Facebook has bought itself a little more time over a major legal challenge in Europe after the Irish High Court decided not to strike down a b2b mechanism it uses to transfer user data between its EU and U.S. businesses for processing. Rather the court said today that it will refer legal questions over so-called Standard Contractual Contracts (SCCs) to Europe’s top court, the ECJ, for a preliminary ruling.
This means it could take around 1.5 years before there is a judgement, and Facebook can continue to use SCCs in the meanwhile instead of being forced to suspend these data transfers.
The challenge to Facebook’s use of SCCs was brought by European privacy campaigner and lawyer Max Schrems. He had originally complained to the Irish data protection commissioner (DPC), asking it to suspend data flows in Facebook’s case. But while the DPC agreed there are legal questions over the mechanism it decided to refer the issue to the High Court to consider the legality of SCCs as a whole.
The 153-page ruling starts by noting “this is an unusual case”, before going into a detailed discussion of the arguments and concluding that the DPC’s concerns about the validity of SCCs should be referred to the European Court of Justice for a preliminary ruling.
Schrems is also the man responsible for bringing, in 2013, a legal challenge that ultimately struck down Safe Harbor — the legal mechanism that had oiled the pipe for EU-US personal data flows for fifteen years before the ECJ ruled it to be invalid in October 2015.
Schrems’ argument had centered on U.S. government mass surveillance programs, as disclosed via the Snowden leaks, being incompatible with fundamental European privacy rights. After the ECJ struck down Safe Harbor he then sought to apply the same arguments against Facebook’s use of SCCs — returning to Ireland to make the complaint as that’s where the company has its European HQ.
It’s worth noting that the European Commission has since replaced Safe Harbor with a new (and it claims more robust) data transfer mechanism, called the EU-US Privacy Shield — which is now, as Safe Harbor was, used by thousands of businesses. Although that too is facing legal challenges as critics continue to argue there is a core problem of incompatibility between two distinct legal regimes where EU privacy rights collide with US mass surveillance.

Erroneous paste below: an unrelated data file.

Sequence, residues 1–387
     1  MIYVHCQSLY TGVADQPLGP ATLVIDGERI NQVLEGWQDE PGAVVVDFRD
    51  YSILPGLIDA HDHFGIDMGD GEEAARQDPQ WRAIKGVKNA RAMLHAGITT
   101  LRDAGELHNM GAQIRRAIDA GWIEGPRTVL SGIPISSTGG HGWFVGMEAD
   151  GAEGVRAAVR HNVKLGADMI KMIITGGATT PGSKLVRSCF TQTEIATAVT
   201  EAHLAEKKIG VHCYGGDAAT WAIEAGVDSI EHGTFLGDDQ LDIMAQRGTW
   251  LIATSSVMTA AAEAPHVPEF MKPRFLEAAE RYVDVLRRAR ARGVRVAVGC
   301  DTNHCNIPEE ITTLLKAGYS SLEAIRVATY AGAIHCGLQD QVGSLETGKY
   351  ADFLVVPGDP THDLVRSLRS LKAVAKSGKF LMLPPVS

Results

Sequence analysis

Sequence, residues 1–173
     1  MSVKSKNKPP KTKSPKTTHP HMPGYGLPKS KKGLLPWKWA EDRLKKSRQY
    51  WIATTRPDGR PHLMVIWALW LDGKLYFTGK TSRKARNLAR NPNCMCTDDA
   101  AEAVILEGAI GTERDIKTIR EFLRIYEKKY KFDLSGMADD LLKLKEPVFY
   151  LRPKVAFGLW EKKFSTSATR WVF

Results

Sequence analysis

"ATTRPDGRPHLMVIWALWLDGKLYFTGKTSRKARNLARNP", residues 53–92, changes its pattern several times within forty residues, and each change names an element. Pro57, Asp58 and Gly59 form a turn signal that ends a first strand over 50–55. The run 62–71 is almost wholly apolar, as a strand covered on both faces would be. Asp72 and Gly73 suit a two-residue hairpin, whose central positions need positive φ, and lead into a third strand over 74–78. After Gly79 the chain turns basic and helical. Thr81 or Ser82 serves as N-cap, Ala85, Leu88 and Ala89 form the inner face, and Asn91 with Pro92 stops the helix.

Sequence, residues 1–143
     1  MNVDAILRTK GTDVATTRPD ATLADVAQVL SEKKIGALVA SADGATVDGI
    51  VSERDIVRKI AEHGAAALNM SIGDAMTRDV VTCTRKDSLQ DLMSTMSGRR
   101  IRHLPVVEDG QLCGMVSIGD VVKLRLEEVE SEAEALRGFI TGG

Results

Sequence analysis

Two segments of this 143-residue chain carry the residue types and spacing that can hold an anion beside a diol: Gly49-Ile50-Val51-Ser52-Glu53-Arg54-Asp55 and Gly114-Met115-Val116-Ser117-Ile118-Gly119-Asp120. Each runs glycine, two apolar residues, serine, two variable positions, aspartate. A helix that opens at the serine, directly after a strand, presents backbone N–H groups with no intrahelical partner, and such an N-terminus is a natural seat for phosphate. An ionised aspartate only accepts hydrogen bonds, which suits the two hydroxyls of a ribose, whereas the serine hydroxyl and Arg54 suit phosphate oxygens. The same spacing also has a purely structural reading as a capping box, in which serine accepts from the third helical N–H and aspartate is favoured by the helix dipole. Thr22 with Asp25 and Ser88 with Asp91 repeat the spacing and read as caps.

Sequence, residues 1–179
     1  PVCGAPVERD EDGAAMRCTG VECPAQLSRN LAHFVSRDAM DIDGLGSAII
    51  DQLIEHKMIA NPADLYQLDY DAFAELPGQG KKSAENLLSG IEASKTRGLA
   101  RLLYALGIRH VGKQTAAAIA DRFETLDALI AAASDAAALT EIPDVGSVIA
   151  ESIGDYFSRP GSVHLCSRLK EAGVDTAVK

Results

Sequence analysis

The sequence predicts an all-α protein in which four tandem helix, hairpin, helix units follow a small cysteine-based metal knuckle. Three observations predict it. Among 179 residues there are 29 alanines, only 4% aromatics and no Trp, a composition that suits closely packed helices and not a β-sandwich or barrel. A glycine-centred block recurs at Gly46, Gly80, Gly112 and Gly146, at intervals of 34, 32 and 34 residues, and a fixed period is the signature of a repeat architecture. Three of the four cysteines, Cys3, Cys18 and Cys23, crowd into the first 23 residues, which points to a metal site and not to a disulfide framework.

Schrems’ Safe Harbor challenge also started in the Irish Court before being ultimately referred to the ECJ. So there’s more than a little legal deja vu here, especially given the latest development in the case.
In its ruling on the SCC issue, the Irish Court noted that a US ombudsperson position created under Privacy Shield to handle EU citizens complaints about companies’ handling of their data is not enough to overcome what it described as “well founded concerns” raised by the DPC regarding the adequacy of the protections for EU citizens data.
(Although, in a further irony, a permanent ombudsperson has yet to be appointed by the Trump administration.)
The exact questions that will to be referred by the court to the CJEU will be decided at a later date this month.
Making a video statement outside court in Dublin today, Schrems said the Irish court had dismissed Facebook’s argument that the US government does not undertake any surveillance.
In a written statement on the ruling Schrems added: “I welcome the judgement by the Irish High Court. It is important that a neutral Court outside of the US has summarized the facts on US surveillance in a judgement, after diving through more than 45,000 pages of documents in a five week hearing.
“I am of the view the Standard Contractual Clauses are perfectly valid, as they would allow the DPC to do its job and suspend individual problematic data flows, such as Facebook’s. It is still unclear to me why the DPC is taking the extreme position that the SCCs should be invalidated Facebook across the board, when a targeted solution is available. The only explanation that I have is that that they want to shift the responsibility back to Luxembourg instead of deciding themselves.”
On Facebook, he also said: “In simple terms, US law requires Facebook to help the NSA with mass surveillance and EU law prohibits just that. As Facebook is subject to both jurisdictions, they got themselves in a legal dilemma that they cannot possibly solve in the long run.”
We’ve reached out to Facebook for comment and will include the company’s response when we have it.
While Schrems’ original complaint pertained to Facebook, the Irish DPC’s position means many more companies that use the mechanism could face disruption if SCCs are ultimately invalidated as a result of the legal challenge to their validity.
Responding to today’s ruling, the BSA — one of the amicus curiae in the case speaking up for the importance of SCCs as “a basis for data transfers that are essential to the economy and job creation on both sides of the Atlantic” — said in a statement: “We have argued that this case should not be about standard contractual clauses in their entirety, but instead about how the clauses were formulated and used for the specific transfers involved here. We also explained that the SCCs include important safeguards to protect users — among them, they grant national data protection authorities the power to review specific implementation of these clauses on a case by case basis. We will continue to advocate these perspectives before the Court of Justice of the EU.”
Europe’s influential Article 29 Working Party, which is made up of representatives from all the data protection authorities of the Member States, has previously voiced concerns about SCCs. It also has ongoing concerns about Privacy Shield.
The latter mechanism underwent its first annual review by EU officials in the US last month — and a report is due this month. Although the EC, which drove the process to replace the defunct Safe Harbor, was quick to profess itself publicly satisfied with what it has seen.